Note: The DearEsq free 'ask a lawyer' site is offered as a free informational service to the public and is not intended as legal advice. Laws vary from state-to-state, and in addition every situation is unique, and relevant facts may not be known. The answer to the question posed below may not apply to in your state or to your situation. For legal advice in your state and your situation you should consult with an attorney in your state who is familiar with the rules and laws in your state.
“There’s an irrigation easement between my backyard and my rear neighbors backyard that ends at the edge of our property and leads nowhere else due to other houses blocking it. It is there because we had water rights which we had to relinquish in order to obtain city water. No water has ran through it in over 15 years and it is surrounded by peoples backyards with no access to it unless you enter through our property. I’ve been cleaning since 1984 when I purchased the property. I want to know if there is a way to do away with the easement mainly because it looks like an alley surrounded by fences and rock walls and I’d rather reclaim my property and put it to good use without having strays and skunks living there.”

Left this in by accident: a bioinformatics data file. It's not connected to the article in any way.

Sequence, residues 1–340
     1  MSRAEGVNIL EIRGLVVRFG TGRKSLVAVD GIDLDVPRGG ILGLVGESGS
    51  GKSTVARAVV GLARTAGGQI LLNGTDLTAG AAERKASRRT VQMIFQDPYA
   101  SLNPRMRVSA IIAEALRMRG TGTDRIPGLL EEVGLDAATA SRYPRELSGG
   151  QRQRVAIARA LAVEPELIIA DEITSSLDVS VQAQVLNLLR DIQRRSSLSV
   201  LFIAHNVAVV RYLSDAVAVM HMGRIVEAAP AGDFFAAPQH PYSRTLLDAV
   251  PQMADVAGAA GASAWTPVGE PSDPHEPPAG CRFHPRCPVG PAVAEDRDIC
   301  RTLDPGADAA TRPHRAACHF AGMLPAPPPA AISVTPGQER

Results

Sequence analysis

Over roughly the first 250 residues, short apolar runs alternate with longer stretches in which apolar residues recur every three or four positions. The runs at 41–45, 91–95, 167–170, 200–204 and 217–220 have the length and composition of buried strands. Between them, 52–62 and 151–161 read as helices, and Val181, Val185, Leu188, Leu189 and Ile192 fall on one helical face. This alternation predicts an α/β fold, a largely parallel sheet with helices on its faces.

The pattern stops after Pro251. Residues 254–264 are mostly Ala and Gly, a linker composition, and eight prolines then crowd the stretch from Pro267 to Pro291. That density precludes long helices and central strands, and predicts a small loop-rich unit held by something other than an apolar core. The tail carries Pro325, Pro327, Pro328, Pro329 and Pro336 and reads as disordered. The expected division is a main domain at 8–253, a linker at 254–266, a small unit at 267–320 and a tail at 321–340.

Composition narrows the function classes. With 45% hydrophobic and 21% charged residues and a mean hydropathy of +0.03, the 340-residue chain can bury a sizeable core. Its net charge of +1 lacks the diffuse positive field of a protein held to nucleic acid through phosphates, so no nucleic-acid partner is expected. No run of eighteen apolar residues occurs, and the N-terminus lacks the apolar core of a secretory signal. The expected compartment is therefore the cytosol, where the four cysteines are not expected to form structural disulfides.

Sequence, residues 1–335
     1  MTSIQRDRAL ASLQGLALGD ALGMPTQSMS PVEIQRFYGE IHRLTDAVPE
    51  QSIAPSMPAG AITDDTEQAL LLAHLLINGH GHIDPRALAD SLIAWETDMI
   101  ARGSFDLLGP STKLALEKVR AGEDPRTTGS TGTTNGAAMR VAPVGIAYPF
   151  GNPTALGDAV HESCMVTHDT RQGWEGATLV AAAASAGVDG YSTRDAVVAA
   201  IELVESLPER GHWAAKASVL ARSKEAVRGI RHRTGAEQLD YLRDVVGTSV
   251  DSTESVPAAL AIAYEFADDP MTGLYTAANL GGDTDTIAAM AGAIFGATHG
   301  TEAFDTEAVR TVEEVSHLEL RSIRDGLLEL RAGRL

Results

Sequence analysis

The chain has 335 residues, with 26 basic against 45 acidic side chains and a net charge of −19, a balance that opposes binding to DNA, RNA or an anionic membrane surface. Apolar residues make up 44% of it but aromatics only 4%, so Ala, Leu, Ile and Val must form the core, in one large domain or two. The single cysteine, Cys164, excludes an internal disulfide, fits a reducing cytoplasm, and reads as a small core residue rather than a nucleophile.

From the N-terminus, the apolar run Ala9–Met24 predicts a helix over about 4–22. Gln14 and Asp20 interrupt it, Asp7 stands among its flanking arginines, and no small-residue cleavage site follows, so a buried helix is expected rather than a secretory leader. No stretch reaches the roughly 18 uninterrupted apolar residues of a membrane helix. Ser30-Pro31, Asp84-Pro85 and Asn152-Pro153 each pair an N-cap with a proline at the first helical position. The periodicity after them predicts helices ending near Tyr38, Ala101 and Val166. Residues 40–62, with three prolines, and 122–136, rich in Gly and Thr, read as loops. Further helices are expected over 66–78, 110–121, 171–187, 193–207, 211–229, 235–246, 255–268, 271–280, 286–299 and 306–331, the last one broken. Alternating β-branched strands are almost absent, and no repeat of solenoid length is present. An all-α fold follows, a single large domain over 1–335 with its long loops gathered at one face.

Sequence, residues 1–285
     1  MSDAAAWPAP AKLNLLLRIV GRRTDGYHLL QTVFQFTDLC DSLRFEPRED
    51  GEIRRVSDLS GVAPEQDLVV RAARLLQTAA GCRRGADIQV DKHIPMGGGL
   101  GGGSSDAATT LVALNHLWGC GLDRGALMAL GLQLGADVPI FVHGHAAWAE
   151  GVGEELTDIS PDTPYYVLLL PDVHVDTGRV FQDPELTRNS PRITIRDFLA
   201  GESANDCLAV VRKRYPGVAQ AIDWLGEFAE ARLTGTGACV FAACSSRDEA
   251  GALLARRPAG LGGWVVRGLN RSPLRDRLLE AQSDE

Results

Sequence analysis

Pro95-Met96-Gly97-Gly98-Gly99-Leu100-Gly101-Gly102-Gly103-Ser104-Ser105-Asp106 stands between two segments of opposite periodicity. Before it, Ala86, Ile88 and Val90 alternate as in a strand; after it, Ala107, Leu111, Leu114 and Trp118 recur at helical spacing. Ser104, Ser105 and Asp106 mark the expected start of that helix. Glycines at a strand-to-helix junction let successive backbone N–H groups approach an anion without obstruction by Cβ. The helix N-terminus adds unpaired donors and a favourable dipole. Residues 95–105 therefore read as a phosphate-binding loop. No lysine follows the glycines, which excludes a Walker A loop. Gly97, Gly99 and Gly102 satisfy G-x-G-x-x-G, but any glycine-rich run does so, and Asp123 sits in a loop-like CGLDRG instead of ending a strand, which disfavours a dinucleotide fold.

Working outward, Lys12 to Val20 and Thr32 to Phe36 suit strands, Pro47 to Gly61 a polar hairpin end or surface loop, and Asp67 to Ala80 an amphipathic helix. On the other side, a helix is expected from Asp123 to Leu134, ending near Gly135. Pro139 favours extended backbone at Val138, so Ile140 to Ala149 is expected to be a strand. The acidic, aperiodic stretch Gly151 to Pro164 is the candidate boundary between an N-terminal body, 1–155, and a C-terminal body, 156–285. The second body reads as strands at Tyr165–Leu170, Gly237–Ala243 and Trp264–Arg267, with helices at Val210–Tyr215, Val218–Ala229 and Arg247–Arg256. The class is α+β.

I would start by finding out who owns the easement, and see if they’ll voluntarily relinquish it. Failing that, the specific terms of the easement might give you an argument for terminating it, on the grounds that its purpose has been eliminated. That’s a trickier argument.
Failing that, you’ll need to look into your state’s rules for abandonment of easements. That can be a very very technical area of the law, and I can’t give you better advice than to consult with an experienced real estate attorney in your area.
Or, of course, you could just build a fence on your side of the easement, and ignore it.